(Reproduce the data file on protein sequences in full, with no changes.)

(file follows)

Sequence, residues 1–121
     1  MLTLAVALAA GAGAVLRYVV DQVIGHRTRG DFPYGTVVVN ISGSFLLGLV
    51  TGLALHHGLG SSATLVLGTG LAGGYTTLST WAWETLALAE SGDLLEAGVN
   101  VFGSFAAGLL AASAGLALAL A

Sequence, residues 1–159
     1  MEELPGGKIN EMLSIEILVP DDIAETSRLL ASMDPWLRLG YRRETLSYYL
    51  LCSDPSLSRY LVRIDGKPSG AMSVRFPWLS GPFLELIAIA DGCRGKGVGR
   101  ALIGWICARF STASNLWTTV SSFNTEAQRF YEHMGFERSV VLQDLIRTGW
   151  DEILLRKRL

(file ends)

Sequence, residues 1–121
     1  MLTLAVALAA GAGAVLRYVV DQVIGHRTRG DFPYGTVVVN ISGSFLLGLV
    51  TGLALHHGLG SSATLVLGTG LAGGYTTLST WAWETLALAE SGDLLEAGVN
   101  VFGSFAAGLL AASAGLALAL A

Sequence, residues 1–159
     1  MEELPGGKIN EMLSIEILVP DDIAETSRLL ASMDPWLRLG YRRETLSYYL
    51  LCSDPSLSRY LVRIDGKPSG AMSVRFPWLS GPFLELIAIA DGCRGKGVGR
   101  ALIGWICARF STASNLWTTV SSFNTEAQRF YEHMGFERSV VLQDLIRTGW
   151  DEILLRKRL